As I begin getting ready to get ready for this year’s SAP SAPPHIREevent, the biggest SAP-focused event of the year, I can’t help but think of the routine that is almost on auto pilot now: hotel reservations, travel plans, registration, set up, booth schedules. While the masses take the same shuttles over to the same convention center, we all will be wondering about the “surprise” this year. Will it be noteworthy enough to make even the most hardened SAPPHIRE veteran nod his/her head approvingly and say “now THAT is interesting”.
Then, I heard it. “We are a database company”. That quote was from SAP’s Steve Lucas at a news conference in San Francisco April 11th. Is that a bold statement? Does it signal a paradigm shift at SAP? Or is it even a big deal?
It’s a pretty big deal. It may not be as dazzling as a caterpillar’s transformation to a butterfly, but it matters. It isn’t just the declaration itself but the actions that back it up. There is an amicably contentious relationship between SAP and Oracle, but these types of market reaching announcements, pitting the two goliaths head-to-head, have been more bluster than substance in the past. SAP has now drawn the competitive line in the sand.
Although currently sitting in a fairly distant fourth place, SAP announced their intention of becoming the number two database player by 2015. This could appear to be more of the same aforementioned bluster if not for the previous day’s news release of their outlined database and mobility strategies as well as the $500m financial incentive to switch.
There are those who would argue the strategy is overly ambitious considering the competitive environment and they don’t just mean Oracle. Microsoft is in a great position to gain momentum to sell more database licenses against both companies. Dynamics AX has shown to be attractive and scalable to mid-sized business at a highly competitive price point, and running SQL Server is the only option. It’s also worth noting SQL Azure, Microsoft’s cloud database, is being warmly received and nothing on SAP’s roadmap today addresses this issue.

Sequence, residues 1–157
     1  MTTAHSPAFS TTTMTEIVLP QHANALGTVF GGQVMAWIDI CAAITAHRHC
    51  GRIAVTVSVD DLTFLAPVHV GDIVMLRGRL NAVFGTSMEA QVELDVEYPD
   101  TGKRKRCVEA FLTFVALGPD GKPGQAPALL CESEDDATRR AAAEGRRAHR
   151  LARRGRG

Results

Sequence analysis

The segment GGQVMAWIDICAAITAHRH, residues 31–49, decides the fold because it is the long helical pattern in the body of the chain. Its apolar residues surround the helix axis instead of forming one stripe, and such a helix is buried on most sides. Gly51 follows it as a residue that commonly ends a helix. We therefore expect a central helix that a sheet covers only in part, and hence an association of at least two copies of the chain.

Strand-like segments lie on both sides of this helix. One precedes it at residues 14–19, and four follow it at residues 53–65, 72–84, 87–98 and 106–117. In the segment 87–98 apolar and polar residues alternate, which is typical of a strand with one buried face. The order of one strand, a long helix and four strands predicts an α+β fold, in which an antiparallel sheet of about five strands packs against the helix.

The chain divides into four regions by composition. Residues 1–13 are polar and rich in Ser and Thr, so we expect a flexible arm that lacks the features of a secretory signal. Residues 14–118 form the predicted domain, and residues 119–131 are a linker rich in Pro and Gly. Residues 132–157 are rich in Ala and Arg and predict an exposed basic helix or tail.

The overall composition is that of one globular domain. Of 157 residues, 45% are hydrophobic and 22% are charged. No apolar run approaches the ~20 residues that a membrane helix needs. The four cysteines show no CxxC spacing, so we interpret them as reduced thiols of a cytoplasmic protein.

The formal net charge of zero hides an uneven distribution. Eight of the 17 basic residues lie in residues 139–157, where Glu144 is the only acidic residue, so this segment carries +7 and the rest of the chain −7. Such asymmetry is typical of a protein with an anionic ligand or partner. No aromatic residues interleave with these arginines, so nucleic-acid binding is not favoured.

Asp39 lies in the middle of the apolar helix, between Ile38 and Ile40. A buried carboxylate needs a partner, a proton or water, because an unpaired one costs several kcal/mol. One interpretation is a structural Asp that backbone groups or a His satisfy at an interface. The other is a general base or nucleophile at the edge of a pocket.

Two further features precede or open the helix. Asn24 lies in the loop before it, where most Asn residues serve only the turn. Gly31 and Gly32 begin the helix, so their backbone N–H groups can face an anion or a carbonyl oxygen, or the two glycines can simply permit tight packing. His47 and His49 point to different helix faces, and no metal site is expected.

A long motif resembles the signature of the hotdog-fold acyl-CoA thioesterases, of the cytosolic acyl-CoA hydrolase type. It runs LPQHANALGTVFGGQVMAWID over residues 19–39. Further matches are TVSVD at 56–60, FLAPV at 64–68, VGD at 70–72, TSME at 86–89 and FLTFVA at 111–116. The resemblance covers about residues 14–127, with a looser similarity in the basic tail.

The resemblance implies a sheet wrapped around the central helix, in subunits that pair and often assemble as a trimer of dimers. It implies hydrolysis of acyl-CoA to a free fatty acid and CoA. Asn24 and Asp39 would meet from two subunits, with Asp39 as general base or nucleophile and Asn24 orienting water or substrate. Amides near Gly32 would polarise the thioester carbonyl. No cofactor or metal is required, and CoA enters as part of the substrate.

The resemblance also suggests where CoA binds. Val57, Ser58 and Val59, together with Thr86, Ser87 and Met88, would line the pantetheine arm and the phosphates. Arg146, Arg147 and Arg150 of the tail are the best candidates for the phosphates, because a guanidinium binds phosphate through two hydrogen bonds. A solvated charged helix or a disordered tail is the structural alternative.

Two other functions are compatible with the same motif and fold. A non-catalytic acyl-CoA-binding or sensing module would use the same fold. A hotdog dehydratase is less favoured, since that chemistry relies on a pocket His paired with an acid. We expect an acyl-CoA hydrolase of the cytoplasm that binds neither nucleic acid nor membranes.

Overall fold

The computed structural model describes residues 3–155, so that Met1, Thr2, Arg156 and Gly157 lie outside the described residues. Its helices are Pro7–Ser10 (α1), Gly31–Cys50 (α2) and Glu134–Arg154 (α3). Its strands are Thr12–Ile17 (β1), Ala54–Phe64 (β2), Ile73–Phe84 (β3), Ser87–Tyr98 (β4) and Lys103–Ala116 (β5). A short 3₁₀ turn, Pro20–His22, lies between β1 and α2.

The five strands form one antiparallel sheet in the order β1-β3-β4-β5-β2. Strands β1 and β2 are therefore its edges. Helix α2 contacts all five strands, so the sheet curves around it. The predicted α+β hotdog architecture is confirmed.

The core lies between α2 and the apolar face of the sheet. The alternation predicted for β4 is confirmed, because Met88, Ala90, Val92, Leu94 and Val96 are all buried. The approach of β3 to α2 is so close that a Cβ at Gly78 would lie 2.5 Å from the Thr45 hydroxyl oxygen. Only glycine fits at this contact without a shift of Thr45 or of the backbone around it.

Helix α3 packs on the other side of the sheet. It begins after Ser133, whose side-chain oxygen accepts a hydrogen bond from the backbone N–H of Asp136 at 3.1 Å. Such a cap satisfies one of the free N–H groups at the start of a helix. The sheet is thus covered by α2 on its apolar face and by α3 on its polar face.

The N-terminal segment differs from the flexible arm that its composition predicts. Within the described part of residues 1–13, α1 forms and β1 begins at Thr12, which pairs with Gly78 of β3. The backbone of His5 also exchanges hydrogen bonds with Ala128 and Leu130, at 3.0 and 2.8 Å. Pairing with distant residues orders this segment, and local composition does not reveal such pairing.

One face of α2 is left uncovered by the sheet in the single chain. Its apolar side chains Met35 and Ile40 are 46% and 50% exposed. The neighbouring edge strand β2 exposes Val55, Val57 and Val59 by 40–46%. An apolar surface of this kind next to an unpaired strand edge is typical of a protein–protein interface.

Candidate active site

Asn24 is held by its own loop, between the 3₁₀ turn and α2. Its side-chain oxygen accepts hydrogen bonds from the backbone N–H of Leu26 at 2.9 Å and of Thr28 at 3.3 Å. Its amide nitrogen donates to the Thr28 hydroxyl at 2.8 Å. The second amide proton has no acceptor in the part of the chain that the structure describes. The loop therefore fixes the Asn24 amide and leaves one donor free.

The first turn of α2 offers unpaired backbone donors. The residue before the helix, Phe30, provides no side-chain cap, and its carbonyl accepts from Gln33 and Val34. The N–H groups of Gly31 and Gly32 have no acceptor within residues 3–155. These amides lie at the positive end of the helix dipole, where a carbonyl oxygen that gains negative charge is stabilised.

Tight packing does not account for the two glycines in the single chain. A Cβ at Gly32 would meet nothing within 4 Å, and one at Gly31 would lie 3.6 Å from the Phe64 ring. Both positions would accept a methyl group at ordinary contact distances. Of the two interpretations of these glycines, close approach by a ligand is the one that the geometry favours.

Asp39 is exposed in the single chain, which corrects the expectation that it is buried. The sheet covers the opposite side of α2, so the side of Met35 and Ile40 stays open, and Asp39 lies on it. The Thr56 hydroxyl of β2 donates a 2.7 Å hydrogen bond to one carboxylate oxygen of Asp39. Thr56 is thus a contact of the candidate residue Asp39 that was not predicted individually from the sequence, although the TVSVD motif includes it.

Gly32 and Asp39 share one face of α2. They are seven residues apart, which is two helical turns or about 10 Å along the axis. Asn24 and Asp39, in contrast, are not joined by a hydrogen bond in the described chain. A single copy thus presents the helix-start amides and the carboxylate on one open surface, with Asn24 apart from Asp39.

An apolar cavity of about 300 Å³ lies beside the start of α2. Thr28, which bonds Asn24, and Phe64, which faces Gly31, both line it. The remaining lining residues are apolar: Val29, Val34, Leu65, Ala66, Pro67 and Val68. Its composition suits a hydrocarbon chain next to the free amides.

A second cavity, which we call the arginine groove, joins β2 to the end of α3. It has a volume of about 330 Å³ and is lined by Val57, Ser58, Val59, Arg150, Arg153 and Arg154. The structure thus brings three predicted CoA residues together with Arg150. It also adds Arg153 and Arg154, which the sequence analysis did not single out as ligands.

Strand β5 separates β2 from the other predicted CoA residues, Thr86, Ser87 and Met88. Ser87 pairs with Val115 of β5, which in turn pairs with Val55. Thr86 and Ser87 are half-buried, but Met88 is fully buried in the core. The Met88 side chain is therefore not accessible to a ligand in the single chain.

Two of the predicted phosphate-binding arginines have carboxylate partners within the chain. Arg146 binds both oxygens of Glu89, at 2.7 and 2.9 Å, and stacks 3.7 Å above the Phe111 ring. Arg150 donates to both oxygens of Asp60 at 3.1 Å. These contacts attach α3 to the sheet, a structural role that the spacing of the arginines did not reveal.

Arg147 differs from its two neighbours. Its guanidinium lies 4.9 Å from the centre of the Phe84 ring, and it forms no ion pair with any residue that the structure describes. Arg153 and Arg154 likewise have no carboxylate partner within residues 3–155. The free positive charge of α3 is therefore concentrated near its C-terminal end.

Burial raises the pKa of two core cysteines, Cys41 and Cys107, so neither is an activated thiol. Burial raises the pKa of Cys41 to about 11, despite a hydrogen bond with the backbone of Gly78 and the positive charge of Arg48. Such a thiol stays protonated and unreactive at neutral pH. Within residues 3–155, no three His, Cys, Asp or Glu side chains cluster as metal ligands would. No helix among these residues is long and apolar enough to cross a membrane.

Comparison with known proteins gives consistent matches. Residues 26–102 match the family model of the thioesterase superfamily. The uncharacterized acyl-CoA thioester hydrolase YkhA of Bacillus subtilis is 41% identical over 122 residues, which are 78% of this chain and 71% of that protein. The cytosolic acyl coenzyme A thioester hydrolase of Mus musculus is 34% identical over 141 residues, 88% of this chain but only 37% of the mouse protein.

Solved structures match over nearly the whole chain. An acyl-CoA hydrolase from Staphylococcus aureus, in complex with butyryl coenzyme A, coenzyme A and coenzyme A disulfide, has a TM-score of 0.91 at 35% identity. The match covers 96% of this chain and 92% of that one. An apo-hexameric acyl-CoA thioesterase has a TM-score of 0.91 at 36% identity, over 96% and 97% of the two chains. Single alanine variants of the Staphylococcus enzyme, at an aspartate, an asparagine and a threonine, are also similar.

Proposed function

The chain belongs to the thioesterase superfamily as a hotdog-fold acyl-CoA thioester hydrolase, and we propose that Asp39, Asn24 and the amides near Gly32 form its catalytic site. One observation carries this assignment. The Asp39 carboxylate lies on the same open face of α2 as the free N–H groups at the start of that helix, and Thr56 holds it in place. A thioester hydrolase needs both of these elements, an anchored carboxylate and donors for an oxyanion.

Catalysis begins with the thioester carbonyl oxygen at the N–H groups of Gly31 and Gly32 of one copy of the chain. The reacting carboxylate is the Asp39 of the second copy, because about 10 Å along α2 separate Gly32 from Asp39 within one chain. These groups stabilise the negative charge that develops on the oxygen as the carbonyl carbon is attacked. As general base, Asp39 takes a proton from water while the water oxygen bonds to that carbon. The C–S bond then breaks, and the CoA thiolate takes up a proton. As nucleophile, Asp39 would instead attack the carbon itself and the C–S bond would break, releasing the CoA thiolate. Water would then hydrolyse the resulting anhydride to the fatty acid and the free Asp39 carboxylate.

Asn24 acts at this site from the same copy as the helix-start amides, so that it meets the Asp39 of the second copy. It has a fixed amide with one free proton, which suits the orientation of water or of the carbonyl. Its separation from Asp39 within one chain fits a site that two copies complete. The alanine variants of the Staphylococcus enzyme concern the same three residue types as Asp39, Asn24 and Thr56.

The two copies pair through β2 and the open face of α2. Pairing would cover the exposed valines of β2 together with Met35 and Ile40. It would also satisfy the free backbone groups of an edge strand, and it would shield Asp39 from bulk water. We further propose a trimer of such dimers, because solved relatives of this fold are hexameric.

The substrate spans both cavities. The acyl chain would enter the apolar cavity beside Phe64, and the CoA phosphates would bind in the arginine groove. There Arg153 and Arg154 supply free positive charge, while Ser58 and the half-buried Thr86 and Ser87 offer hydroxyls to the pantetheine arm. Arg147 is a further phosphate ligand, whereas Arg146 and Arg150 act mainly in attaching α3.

There is no doubt this will be a considerable challenge for SAP. Making the case for swapping enterprise databases will be much harder than the anticipated short term successes of new customer deals and no one can say with any certainty how this will look years from now. But at this moment, I’m nodding and thinking “yes, that IS interesting”.
If you are attending SAPPHIRE, AT&T Hosting, Applications, and Cloud Services is exhibiting and will be moderating an interactive microforum of IT decision makers on the future of IT and what it means for their SAP applications. You may find it interesting as well.